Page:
Brexit delays implementation of so-called ‘stealth tax’
Back in December 2018 we wrote a short short article about the Government’s controversial plans to increase probate fees this year. The reforms, expected to raise over £155million for the Treasury, were due to come into effect on 1 April 2019. Now it seems, they’ve been put on hold due to lack of parliamentary time.
The reforms have been in the offing for some time. Before the last general election in 2017, the government proposed to increase the Probate fee to £20,000. Abandoning these plans due to widespread opposition, a new draft of the Non-Contentious Probate Fees Order 2018 was laid before parliament in November 2018 (this time with lower proposed fees to appease the critics).
The 2018 order passed through the House of Lords with a statement of regret and was narrowly voted through the secondary legislation scrutiny committee.
In the committee’s view, the reforms ‘arguably amount to a ‘stealth tax’ and, therefore, a misuse of the fee-levying power’, an opinion fully supported the opposition frontbench, the Law Society, and Solicitors for the Elderly.
Proposals in brief
In their current guise, the proposed reforms would replace the current flat rate of £215 for granting official approval of any will – on a sliding scale. Under the plans the largest fee payable would be £6,000 for any inheritance worth more than £2m.
Proposed Probate fees as they currently stand:
|Size of the estate||Current Fee||New Fee||Difference|
|Up to £50,000||£215||No charge||– £215|
|£50,000 – £300,000||£215||£250||+ £35|
|£300,000 – £500,000||£215||£750||+ £535|
|£500,000 to £1m||£215||£2,500||+ £2,285|
|£1m to £1.6m||£215||£4,000||+ £3,785|
|£1.6m- £2m||£215||£5,000||+ £4,785|
|Above £2m||£215||£6,000||+ £5,785|
A spokesman for the MoJ has said that Brexit matters were taking precedence (no surprise there) and, whilst the plans were temporarily delayed, the reforms would come into force ‘as soon as possible’.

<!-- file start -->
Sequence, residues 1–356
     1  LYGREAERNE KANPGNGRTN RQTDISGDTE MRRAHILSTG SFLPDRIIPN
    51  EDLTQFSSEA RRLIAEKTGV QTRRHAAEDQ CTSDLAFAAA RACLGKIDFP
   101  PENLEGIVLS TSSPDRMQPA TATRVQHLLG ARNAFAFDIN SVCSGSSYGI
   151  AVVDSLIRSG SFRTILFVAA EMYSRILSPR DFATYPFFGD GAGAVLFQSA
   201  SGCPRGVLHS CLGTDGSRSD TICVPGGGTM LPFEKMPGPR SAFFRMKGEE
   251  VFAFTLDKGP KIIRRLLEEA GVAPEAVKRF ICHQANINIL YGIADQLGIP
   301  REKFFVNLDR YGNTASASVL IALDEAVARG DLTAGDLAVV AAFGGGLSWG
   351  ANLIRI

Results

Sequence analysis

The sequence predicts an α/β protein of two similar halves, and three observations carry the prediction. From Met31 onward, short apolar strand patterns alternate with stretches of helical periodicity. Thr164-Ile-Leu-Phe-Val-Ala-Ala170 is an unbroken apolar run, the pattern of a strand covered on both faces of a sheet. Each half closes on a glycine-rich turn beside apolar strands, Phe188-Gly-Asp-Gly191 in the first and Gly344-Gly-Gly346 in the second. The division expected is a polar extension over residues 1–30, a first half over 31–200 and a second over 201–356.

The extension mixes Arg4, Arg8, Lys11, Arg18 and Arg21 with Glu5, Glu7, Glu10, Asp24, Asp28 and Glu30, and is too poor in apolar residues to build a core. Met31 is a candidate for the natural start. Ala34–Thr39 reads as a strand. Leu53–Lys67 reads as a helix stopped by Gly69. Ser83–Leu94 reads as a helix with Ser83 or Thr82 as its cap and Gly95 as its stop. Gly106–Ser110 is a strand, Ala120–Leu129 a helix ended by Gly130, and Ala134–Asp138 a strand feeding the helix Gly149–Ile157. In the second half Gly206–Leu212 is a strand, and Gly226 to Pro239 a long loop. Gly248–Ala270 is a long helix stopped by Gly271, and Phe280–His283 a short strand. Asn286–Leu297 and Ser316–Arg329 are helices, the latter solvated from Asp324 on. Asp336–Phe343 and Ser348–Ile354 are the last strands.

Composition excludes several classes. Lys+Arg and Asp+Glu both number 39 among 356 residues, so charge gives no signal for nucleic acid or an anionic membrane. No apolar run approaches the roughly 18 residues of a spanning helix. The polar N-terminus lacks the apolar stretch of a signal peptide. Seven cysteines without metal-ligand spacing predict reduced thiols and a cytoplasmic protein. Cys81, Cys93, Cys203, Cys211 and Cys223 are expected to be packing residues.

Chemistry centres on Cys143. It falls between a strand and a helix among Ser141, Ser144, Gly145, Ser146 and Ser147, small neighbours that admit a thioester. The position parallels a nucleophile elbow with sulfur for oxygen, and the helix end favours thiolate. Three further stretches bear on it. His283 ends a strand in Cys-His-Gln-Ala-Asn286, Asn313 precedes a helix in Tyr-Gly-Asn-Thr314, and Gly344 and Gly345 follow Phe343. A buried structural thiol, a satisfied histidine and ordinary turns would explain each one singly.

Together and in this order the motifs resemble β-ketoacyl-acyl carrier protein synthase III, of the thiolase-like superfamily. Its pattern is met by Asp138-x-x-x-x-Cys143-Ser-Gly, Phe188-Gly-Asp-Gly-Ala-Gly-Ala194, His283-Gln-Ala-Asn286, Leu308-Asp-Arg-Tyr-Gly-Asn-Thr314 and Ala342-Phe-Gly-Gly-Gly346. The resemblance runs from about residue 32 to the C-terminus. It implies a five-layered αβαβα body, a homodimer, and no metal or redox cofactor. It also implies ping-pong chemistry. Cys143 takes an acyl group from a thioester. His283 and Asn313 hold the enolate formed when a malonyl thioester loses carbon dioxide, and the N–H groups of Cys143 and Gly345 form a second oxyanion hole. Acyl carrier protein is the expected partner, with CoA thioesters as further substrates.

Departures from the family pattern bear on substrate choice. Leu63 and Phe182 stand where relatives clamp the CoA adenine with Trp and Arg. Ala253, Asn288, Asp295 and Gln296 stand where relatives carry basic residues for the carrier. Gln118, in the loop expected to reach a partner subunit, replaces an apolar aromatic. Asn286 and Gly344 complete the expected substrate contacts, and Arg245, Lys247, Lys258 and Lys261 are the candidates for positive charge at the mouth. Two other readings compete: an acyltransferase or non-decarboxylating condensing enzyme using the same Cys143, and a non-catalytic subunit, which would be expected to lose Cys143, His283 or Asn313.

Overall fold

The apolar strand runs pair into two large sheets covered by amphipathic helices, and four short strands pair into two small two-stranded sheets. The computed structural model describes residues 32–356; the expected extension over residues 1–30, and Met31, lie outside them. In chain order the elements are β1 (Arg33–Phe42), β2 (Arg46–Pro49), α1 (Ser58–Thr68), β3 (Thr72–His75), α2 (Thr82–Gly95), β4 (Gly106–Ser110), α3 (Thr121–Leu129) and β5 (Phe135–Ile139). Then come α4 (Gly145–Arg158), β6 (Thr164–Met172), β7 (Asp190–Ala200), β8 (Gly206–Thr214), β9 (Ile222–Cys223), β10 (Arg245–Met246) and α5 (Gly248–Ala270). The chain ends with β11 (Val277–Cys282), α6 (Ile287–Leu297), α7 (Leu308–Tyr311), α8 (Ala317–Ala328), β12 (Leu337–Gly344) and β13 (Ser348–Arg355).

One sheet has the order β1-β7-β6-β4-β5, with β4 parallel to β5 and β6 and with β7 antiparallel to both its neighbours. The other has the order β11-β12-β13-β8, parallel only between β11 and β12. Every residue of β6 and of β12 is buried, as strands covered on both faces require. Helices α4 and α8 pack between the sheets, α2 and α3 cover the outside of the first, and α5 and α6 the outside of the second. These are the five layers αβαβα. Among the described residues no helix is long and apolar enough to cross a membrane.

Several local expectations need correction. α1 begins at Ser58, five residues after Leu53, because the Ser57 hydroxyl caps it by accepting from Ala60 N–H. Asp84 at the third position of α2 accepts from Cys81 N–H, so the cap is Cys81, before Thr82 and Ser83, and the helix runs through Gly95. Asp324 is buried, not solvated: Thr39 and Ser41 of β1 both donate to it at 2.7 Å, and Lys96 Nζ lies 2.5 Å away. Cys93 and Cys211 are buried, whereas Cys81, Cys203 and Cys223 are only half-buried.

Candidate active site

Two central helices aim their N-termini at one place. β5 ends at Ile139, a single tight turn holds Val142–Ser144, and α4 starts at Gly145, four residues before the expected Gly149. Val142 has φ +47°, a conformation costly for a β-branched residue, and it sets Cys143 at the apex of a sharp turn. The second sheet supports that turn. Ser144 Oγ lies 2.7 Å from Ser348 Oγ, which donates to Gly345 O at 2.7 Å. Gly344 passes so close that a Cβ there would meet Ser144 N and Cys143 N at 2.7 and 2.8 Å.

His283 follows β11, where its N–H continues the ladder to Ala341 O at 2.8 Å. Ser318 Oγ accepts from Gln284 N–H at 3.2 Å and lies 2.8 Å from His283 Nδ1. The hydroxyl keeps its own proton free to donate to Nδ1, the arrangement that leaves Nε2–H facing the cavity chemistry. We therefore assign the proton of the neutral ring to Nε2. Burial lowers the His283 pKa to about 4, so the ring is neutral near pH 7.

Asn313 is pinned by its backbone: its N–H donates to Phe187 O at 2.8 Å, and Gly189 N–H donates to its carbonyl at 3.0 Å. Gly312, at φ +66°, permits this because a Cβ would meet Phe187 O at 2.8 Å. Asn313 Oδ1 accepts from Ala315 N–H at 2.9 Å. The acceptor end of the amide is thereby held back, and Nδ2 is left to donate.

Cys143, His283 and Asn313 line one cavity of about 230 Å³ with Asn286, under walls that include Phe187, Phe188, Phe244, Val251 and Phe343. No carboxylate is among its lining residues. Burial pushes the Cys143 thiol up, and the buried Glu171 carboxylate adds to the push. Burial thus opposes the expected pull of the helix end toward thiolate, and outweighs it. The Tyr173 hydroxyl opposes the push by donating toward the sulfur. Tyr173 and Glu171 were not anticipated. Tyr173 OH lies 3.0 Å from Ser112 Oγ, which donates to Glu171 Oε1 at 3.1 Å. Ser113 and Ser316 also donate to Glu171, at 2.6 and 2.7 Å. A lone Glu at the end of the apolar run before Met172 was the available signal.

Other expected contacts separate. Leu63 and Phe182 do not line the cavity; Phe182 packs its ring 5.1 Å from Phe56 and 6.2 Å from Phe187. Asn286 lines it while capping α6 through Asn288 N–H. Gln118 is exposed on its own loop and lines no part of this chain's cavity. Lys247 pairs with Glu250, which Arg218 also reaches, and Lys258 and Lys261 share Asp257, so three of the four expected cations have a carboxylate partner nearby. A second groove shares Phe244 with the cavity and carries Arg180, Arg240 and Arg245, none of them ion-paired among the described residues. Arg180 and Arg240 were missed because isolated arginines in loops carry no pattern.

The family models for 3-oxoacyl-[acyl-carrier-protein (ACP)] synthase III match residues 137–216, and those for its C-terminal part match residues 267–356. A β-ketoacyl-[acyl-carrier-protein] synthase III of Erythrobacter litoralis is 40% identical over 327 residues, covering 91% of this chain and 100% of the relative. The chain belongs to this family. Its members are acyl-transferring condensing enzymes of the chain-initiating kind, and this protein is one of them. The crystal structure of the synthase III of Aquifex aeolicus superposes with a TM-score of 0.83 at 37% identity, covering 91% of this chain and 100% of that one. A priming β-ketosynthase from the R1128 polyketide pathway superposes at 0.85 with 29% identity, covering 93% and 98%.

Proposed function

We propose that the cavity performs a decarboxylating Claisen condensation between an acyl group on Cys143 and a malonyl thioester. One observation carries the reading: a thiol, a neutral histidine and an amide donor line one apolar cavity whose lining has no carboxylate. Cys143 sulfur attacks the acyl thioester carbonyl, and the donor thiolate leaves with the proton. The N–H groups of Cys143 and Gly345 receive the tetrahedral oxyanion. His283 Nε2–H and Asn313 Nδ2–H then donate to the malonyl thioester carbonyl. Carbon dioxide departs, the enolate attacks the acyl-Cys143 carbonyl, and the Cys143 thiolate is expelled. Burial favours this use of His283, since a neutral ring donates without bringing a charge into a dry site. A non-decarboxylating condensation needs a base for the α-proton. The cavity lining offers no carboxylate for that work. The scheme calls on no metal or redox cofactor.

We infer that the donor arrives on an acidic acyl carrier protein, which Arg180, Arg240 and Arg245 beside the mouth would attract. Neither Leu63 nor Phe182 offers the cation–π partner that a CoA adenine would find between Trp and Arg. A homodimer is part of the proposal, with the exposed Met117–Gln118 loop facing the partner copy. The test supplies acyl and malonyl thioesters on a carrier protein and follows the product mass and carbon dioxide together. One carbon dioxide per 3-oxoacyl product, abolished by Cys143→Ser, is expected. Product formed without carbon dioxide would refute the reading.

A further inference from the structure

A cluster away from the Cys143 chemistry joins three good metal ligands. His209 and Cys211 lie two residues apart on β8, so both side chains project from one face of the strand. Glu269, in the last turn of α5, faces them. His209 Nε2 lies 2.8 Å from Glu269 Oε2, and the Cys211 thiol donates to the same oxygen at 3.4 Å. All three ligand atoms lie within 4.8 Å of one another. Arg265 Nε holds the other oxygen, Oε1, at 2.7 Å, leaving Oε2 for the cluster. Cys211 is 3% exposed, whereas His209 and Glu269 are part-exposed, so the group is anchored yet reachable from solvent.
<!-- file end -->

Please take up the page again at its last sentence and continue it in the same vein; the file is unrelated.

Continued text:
HM Revenue & Customs announced at the end of March that it has introduced a temporary process for probate applications, as it is preparing to switch to the new fee structure.
The tax office stated it will accept applications for probate before an inheritance tax account has been processed.
However, criticism is unlikely to fall away. It’s clear that Labour will block government plans to introduce the new fees and leading figures in the legal, charitable and financial sectors remain steadfast in their criticism, calling them “a tax on grief.”
As things stand, there is no official date set for the plans to be brought before parliament and no guarantee that the proposals will be voted in.
Naturally, we will keep our eye on developments and issue an update as soon as we know more.
If you are concerned about the proposed changes, or have any other questions regarding wills, estate planning, probate or the administration of an estate, please contact us. We’re here to help.
Please note that all views, comments or opinions expressed are for information only and do not constitute and should not be interpreted as being comprehensive or as giving legal advice. No one should seek to rely or act upon, or refrain from acting upon, the views, comments or opinions expressed herein without first obtaining specialist, professional or independent advice. While every effort has been made to ensure accuracy, Curtis Parkinson cannot be held liable for any errors, omissions or inaccuracies.